White House says Donald Trump's Charlottesville statement included condemnation of 'white supremacists and KKK'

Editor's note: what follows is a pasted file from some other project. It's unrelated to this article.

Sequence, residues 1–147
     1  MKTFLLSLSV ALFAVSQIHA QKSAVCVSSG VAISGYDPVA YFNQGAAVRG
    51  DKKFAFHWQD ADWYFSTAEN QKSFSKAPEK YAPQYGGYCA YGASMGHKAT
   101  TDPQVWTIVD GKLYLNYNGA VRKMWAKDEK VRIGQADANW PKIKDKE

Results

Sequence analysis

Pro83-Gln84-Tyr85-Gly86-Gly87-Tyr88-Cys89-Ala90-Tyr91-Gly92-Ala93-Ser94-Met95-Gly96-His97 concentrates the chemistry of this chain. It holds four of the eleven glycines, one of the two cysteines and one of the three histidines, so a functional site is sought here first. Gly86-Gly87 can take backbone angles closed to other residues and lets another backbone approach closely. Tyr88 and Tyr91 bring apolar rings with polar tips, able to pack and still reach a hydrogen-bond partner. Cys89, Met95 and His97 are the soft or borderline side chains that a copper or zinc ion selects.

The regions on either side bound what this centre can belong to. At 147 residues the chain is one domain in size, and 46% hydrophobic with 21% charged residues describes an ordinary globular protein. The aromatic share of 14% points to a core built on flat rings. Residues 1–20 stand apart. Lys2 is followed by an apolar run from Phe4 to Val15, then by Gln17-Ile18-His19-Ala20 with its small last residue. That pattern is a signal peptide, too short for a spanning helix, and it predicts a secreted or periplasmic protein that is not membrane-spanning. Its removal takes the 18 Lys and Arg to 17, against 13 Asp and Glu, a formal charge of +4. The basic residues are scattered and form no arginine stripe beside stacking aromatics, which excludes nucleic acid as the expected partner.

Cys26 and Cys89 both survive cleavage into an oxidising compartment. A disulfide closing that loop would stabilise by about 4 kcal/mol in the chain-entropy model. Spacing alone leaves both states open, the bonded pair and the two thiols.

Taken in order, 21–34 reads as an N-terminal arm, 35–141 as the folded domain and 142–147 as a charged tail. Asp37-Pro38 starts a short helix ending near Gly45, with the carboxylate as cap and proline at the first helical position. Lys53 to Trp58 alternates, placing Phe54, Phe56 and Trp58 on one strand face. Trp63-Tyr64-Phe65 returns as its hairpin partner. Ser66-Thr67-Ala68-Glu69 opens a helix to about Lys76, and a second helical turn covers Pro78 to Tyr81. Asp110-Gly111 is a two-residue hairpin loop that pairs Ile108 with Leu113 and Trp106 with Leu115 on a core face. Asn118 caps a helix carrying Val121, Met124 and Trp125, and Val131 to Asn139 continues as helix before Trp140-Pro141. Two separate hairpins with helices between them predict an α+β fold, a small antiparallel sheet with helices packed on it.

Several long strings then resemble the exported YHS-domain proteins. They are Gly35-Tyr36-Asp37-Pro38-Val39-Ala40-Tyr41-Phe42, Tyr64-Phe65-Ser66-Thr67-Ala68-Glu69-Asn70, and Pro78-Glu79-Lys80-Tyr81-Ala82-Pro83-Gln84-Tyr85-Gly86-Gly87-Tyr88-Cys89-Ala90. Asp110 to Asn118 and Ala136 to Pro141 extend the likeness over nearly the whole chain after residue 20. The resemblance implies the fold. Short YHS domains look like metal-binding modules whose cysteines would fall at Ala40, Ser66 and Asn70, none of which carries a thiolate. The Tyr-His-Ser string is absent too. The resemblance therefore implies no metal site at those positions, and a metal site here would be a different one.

White House says Donald Trump's Charlottesville statement included condemnation of 'white supremacists and KKK'The White House scrambled on Sunday to deflect a growing political row over Donald Trump’s equivocal condemnation of violence at a white supremacy rally, insisting his statement included “neo-Nazis and all extremist groups”. However, the fresh spin will do little to counter growing criticism that the president was trying to shield white nationalists who helped propel him to power. A day earlier protests in Charlottesville, Virginia, ended in tragedy when a car ploughed into a group of anti-racist counter-protesters, killing Heather Heyer, a 32-year-old paralegal. She was among a group rallying against members of the Ku Klux Klan and other hard Right organisations who gathered in protest at the city’s decision to remove a statue commemorating Robert Lee, a storied Civil War general who fought on the Confederate side. Horrifying moment car ploughs into people at rally in Virginia 01:04 As the local mayor condemned her death as an act of “terrorism” and politicians of all sides denounced neo-Nazi thugs, Mr Trump chose instead to condemn violence which he said was caused by “many sides”. “Hate and the division must stop, and must stop right now,” he said, taking time out from a working vacation at his New Jersey golf club. “We have to come together as Americans with love for our nation and … true affection for each other.” His words provoked a wave of outrage. Critics said his vague wording appeared to suggest a moral equivalence between the actions of peaceful protesters and those of far-Right groups, some of whom flew Swastikas. Meanwhile Neo-Nazi websites filled with comments applauding the statement. “Trump comments were good. He didn’t attack us. He just said the nation should come together,” said one Trump supporter on the Daily Stormer website. On Sunday morning, a White House spokesman tried to defuse the anger, saying: “The president said very strongly in his statement yesterday that he condemns all forms of violence, bigotry, and hatred, and of course that includes white supremacists, KKK, neo-Nazi, and all extremist groups. “He called for national unity and bringing all Americans together.” Charlottesville far-right protest The words will do little to ease concerns that Mr Trump is quick to condemn violent jihadist groups as Islamic terrorists but reluctant to address the ideology behind home-grown, white extremists. In contrast, Michael Signer, the mayor of Charlottesville, described Ms Heyer as the victim of “a terrorist attack with a car used as a weapon”. He added that it was clear that blame lay with Mr Trump and a divisive election campaign that inflamed racial prejudices last year. “I think they made a choice in that campaign,” he told NBC news. “A very regrettable one, to really go to people’s prejudices, to go to the gutter.” Some of Mr Trump’s closest family and advisers went further than the president. “There should be no place in society for racism, white supremacy and neo-nazis,” his daughter Ivanka wrote on Twitter. 1:2 There should be no place in society for racism, white supremacy and neo-nazis.— Ivanka Trump (@IvankaTrump) August 13, 2017 And HR McMaster, the president’s national security adviser, said the violence amounted to terrorism. “Anytime that you commit an attack against people to incite fear, it is terrorism,” he said. Chris Christie, governor of New Jersey and a staunch Trump supporter, was among those who said the president should single out the perpetrators. “We reject the racism and violence of white nationalists like the ones acting out in Charlottesville,” he wrote. “Everyone in leadership must speak out.” The bitter row is a reminder of the divisive legacy of the Civil War. Symbols such as the Confederate battle flag divide the nation between those who see it as a symbol of slavery and modern-day racism, and those who say removing it from public view denies its rightful place in history. City authorities sent their condolences to the family of Ms Heyer. “This senseless act of violence rips a hole in our collective hearts,” they said in a statement. Her mother, in a message posted on a fundraising site, said: "She died doing what was right. My heart is broken, but I am forever proud of her."  


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